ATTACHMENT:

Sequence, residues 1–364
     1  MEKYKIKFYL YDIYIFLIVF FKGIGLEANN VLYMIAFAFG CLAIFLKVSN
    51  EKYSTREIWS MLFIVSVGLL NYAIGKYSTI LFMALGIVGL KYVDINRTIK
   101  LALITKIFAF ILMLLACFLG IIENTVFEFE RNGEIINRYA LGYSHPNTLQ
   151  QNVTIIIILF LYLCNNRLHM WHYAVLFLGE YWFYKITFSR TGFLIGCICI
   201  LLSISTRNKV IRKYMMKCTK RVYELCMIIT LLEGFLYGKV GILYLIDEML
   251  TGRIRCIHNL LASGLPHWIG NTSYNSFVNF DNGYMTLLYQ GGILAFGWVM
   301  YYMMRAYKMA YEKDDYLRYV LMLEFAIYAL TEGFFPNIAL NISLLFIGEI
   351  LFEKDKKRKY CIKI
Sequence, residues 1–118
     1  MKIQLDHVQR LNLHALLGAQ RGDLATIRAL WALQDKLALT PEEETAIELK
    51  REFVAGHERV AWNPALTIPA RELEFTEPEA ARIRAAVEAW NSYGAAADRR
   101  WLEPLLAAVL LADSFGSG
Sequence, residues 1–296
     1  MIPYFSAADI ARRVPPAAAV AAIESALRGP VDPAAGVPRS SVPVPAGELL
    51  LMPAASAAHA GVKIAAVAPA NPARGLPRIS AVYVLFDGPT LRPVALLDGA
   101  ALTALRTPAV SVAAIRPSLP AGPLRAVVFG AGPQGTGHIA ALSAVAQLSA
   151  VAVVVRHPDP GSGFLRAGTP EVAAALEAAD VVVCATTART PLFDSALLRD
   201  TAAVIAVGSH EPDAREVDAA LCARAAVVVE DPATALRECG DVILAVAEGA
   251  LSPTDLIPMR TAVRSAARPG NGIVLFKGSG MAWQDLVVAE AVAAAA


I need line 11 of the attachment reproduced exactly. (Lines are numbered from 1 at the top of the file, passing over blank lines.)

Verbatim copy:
     1  MKIQLDHVQR LNLHALLGAQ RGDLATIRAL WALQDKLALT PEEETAIELK